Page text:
During the last week of April, Alberta packers were buying fed cattle in the range of $160 to $163 on a live basis. The market has been contending with tighter supplies of market-ready cattle south of the border. At the same time, wholesale beef prices have been percolating higher as retail and restaurant demand moves through a period of seasonal strength.
The market will move through a transition phase over the next couple of months. U.S. third-quarter beef production is projected to come in sharply above a year ago. August and September are two months of seasonally low demand. This market environment will likely cause the fed cattle market to trend lower from June through September.
Despite the lower numbers on finishing operations, the Canadian slaughter is running approximately 80,000 head above a year ago. Canadian exports of slaughter steers, heifers and cows are up above 40,000 over last year. Logically, the domestic slaughter and exports cannot continue this pace.
Different in the U.S.
The U.S. situation is the exact opposite. U.S. feeder cattle placements from September through January were below year-ago levels, resulting in tighter supplies of market-ready cattle during the second quarter of 2019. Remember that the U.S. Southern Plains went through a severe drought during the winter of 2017-18. This year, conditions have been optimal and feedlot placements have been above March and April last year. This will result in a sharp year-over-year increase in beef production during the third and fourth quarters of 2019.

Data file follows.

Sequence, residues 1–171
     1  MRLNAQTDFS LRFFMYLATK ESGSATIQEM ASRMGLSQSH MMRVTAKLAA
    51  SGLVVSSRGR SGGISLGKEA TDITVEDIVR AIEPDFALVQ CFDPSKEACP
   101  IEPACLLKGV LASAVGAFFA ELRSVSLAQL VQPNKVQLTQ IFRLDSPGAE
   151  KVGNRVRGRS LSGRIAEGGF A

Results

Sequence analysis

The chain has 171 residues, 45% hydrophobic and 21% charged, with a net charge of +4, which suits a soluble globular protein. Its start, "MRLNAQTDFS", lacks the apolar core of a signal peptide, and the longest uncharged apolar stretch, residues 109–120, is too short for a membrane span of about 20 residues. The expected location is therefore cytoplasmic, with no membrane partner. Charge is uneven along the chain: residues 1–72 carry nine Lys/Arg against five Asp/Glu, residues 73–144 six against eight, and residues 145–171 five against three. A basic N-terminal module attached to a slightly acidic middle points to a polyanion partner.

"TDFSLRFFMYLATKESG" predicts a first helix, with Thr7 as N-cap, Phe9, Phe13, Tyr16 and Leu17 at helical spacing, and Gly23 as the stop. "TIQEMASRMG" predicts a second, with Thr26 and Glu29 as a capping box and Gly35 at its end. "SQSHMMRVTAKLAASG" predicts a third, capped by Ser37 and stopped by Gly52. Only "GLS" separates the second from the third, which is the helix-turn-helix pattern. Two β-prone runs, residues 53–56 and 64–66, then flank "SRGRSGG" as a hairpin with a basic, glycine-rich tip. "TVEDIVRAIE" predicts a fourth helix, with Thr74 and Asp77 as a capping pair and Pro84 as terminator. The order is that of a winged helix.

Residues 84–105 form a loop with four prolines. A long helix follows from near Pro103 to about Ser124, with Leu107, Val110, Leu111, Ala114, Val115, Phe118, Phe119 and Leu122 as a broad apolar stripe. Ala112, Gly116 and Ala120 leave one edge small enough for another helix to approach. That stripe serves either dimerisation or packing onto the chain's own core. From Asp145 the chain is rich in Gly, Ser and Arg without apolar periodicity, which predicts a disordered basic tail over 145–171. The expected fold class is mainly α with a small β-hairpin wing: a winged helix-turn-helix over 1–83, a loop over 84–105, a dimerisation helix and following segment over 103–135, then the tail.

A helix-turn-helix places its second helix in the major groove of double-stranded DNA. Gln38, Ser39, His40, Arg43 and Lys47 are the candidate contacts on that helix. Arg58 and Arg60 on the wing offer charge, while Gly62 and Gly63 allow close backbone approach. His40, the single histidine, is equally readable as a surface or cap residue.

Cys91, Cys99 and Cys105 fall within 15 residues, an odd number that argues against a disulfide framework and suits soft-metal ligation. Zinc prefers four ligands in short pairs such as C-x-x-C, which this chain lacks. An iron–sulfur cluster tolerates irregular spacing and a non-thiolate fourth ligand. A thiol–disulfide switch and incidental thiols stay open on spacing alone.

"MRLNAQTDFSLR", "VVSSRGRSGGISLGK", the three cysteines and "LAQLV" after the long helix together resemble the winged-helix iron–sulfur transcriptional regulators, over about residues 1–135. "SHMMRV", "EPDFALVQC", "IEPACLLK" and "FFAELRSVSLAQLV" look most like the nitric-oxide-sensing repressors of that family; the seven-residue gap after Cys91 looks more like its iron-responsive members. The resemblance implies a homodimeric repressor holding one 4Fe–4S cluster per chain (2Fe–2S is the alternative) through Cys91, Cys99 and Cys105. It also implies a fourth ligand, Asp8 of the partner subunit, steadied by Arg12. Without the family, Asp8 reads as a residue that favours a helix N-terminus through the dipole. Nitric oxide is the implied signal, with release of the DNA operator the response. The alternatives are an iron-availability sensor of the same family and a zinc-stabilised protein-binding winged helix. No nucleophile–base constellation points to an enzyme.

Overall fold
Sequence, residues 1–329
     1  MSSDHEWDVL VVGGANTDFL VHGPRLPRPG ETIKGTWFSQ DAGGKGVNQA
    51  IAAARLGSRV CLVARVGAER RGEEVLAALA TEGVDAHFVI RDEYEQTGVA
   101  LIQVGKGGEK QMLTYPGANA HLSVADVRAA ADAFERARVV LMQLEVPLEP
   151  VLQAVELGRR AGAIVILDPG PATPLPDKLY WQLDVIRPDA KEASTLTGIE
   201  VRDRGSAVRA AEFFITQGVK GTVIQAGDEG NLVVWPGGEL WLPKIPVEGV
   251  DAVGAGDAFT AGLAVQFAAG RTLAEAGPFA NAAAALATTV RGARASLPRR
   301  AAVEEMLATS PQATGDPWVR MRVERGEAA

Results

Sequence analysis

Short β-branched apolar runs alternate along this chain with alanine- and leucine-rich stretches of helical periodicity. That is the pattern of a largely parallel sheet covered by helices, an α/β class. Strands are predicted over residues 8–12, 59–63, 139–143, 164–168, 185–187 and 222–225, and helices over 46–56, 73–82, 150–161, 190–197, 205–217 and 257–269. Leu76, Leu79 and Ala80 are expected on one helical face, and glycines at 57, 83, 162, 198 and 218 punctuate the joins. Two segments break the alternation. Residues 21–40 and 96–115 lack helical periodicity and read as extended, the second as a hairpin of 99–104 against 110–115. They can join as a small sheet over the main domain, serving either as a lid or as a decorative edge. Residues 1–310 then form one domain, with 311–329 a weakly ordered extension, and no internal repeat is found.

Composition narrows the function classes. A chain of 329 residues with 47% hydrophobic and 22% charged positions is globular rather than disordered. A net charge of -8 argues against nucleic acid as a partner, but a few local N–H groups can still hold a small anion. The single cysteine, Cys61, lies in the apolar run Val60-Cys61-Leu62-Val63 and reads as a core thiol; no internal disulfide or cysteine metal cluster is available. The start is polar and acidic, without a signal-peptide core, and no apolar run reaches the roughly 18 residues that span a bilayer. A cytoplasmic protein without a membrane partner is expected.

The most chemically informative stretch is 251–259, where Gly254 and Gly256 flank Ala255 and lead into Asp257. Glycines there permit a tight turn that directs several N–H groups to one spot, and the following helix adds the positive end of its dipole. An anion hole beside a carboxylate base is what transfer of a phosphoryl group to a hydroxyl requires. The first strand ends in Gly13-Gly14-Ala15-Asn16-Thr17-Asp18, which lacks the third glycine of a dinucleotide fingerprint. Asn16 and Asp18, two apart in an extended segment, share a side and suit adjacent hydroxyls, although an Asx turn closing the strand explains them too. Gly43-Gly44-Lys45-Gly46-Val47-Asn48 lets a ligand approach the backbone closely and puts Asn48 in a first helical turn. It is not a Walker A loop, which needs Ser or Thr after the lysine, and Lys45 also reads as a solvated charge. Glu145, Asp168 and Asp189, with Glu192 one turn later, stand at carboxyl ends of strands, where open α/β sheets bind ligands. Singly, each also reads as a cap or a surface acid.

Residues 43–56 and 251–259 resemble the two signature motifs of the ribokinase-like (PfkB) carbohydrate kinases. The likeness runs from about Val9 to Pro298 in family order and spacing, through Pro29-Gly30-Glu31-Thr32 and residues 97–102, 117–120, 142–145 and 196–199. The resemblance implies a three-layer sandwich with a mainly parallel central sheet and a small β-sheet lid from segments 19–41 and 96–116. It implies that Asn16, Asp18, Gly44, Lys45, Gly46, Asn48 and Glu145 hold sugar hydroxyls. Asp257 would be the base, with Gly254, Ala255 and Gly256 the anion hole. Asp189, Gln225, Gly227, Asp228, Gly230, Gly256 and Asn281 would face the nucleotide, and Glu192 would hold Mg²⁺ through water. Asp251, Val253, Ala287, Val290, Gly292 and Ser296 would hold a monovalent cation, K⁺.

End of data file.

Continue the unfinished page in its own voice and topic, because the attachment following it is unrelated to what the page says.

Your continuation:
The live cattle futures market was quite volatile throughout April because the managed money was holding a record long position. At the same time, the commercial trader was holding a record short position. Commercial traders are hedgers so if the packers have a record short position in the futures, this means they have a record long position in the cash market. Packers will draw on contracted supplies during the first half of May which will cause the U.S. fed cattle market to weaken.
The feeder market is also in a precarious situation. Western Canadian feeding margins have been hovering just below breakeven throughout the winter and spring. It appears margins will drop deeper in red ink throughout the summer and fall. The cost-per-pound gains will be significantly lower in the fall of 2019. Despite the lower input costs, margins will remain in negative territory. Fed cattle prices during the fall are expected to drop to the range of $135 to $145 which is about $20 below current levels.
I continue to recommend cow-calf producers and backgrounding operators have price insurance on 100 per cent of their fall marketings. Earlier in April, adverse weather across the Midwest caused the fed and feeder cattle futures to incorporate a risk premium. It’s been estimated that a large number of calves (maybe one million) died in the flooding but the actual number will only be known later in summer on the cattle inventory report. This was a clear “buy the rumour, sell the fact” idea.
There were also media reports that China was going to import a large amount of U.S. pork which would drive up North American red meat prices. It’s important to remember there are still retaliatory tariffs of 62 per cent on U.S. pork entering China. Secondly, the USDA WASDE report showed only a marginal increase in pork exports for 2019. Live and feeder cattle futures received spillover technical buying from the hog complex but this was also a “buy the rumour, sell the fact” situation. It’s important cattle producers keep media hype in perspective.